Sludge the saltie took up residency at Darwin golf course, in the heart of the city earlier this year. (Facebook: Darwin Golf Club)
A crocodile has been spotted swimming in a Darwin golf course, prompting a warning from wildlife rangers as the Top End’s wet season kicks off.
The 1.5 metre freshwater crocodile was spotted at the Durack Golf Course in Palmerston on Monday but a call out team was unable to trap it.
“They actually surveyed all the lakes and they did spot a crocodile … but unfortunately it was extremely touchy and they couldn’t get close enough,” Chief Wildlife Ranger Tom Nichols said.
“They believe it was a freshie.
“The crocodile is definitely still in the lake, we will be setting up a trap.
“Our biggest problem is that freshies don’t always go to the usual bait so some take a little time.”
Senior Research Associate at Charles Darwin University Adam Britton said it could be the work of disheartened pet owners.
Sludge was baited, trapped and removed by NT Parks and Wildlife then relocated to Noonamah Croc Farm. (Facebook: Darwin Gold Club)
“Finding a freshwater crocodile in that area of Palmerston is almost certainly someone who has released it there, but you never know, they get bold these crocs,” Mr Britton said.
Rangers said there was also a possibility the animal entered the water through a drain linked to Hudson Creek, a waterhole known to be inhabited by crocodiles.
An eagle-eyed beach goer spotted a small saltie swimming in the shallows of Mindil Beach in November. (Supplied: Rachel Gleeson)
In November, golfers at the Darwin Gold Club were advised to “use extreme caution” after a 1.5 metre saltwater crocodile, nicknamed Sludge, was spotted being very active in the late afternoons and nights.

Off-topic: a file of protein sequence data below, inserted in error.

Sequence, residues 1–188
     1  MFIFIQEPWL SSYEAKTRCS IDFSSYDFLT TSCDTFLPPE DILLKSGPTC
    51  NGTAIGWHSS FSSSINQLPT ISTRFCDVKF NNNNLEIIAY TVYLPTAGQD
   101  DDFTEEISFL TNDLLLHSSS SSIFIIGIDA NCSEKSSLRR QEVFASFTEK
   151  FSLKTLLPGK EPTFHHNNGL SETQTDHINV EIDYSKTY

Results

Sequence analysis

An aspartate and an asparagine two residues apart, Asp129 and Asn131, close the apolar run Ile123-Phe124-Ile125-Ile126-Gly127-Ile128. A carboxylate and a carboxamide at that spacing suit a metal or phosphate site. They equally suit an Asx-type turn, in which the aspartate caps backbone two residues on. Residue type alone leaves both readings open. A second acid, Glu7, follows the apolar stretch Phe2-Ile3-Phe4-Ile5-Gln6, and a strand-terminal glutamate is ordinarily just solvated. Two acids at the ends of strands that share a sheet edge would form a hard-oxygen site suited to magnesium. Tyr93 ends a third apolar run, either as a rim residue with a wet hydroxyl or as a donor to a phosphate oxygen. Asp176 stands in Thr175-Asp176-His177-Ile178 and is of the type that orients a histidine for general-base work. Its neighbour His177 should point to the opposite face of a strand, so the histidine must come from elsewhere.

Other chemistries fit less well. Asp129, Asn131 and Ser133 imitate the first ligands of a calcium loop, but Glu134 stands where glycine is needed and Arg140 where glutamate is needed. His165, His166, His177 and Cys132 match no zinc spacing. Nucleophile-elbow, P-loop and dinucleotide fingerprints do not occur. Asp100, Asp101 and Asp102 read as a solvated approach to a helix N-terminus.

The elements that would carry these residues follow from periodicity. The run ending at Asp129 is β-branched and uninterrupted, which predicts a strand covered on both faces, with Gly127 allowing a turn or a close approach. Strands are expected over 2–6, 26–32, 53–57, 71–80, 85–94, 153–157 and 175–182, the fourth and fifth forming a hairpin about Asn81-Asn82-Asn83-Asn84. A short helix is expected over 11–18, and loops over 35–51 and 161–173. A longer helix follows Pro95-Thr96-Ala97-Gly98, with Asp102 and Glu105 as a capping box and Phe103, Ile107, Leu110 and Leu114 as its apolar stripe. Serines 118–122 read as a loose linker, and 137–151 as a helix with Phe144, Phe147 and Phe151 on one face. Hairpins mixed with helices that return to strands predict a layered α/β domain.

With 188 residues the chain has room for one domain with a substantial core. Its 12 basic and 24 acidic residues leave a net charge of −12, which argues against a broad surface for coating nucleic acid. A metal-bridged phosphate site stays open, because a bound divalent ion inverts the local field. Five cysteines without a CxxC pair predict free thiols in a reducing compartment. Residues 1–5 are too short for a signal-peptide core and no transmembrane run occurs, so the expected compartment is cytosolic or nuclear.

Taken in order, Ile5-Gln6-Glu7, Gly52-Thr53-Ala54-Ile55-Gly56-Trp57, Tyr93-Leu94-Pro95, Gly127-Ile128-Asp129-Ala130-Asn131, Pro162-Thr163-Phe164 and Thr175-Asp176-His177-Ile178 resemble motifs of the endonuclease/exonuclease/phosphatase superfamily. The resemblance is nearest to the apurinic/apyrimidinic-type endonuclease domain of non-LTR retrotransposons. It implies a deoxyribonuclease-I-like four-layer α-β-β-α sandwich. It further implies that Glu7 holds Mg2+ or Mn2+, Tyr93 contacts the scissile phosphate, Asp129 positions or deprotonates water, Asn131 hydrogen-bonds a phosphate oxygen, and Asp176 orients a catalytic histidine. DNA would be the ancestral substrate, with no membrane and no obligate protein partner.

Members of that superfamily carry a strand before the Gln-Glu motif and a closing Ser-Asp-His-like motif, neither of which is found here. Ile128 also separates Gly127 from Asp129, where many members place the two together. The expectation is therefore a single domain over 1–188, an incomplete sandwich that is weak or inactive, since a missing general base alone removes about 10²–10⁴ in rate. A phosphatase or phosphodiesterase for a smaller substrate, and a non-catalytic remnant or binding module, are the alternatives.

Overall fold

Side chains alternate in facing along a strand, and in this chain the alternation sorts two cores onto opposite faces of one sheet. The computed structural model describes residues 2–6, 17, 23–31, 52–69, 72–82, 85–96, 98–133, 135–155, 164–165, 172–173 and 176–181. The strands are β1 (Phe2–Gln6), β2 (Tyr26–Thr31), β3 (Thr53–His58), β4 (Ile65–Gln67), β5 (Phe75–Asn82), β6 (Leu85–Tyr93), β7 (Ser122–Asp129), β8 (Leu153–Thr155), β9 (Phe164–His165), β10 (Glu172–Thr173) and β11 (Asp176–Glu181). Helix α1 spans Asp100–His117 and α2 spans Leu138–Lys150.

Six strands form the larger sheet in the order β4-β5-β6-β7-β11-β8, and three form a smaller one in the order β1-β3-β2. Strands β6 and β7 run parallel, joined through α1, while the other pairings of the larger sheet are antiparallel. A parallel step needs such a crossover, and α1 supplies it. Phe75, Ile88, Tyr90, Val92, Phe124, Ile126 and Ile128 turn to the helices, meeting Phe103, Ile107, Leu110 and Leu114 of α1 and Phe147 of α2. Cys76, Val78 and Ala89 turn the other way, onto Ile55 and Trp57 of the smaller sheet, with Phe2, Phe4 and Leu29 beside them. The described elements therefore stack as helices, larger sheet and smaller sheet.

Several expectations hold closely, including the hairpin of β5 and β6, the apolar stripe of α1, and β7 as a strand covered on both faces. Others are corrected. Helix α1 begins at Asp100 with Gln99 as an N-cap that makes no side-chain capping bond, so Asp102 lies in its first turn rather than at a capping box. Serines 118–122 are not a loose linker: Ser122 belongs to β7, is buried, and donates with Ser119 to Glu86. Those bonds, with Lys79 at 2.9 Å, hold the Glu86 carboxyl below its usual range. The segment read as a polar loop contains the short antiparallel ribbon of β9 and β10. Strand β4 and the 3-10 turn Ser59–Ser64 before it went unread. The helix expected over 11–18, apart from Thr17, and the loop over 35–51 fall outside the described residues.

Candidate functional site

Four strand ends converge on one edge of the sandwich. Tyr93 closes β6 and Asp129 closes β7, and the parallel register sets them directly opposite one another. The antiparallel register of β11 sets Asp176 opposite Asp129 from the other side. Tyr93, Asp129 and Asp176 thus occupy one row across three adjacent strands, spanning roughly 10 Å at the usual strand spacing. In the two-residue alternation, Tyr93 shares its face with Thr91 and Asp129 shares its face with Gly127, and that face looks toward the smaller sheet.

The sightings prompted calls for people to be on alert for crocodiles, which are known to move great distances when water levels rise.
“Especially at this time of the year you always have to assume that any body of water might have a crocodile in it, it probably doesn’t, but it’s better not to take the risk and then find out the difficult way,” Mr Britton said.
“It’s warmer at this time of the year so crocs are more active, this is breeding season for them so they’re super active and moving around.
“Because the big crocs are so active, the smaller ones tend to stay out of their way,” he said.
Saltwater crocodiles were listed as protected in 1971 after being hunted almost to extinction.
Since then, their numbers have increased and it is now estimated there are between 100,000 and 200,000 in the wild.
Saltwater crocodile populations have expanded into areas where they have not been found since before hunting began.
Rangers are warning residents to be “croc-wise” by being cautious every time they are near a Top End waterway.
They advise anyone who sees a crocodile that poses a risk to public safety to report it to the Northern Territory’s 24 hour hotline.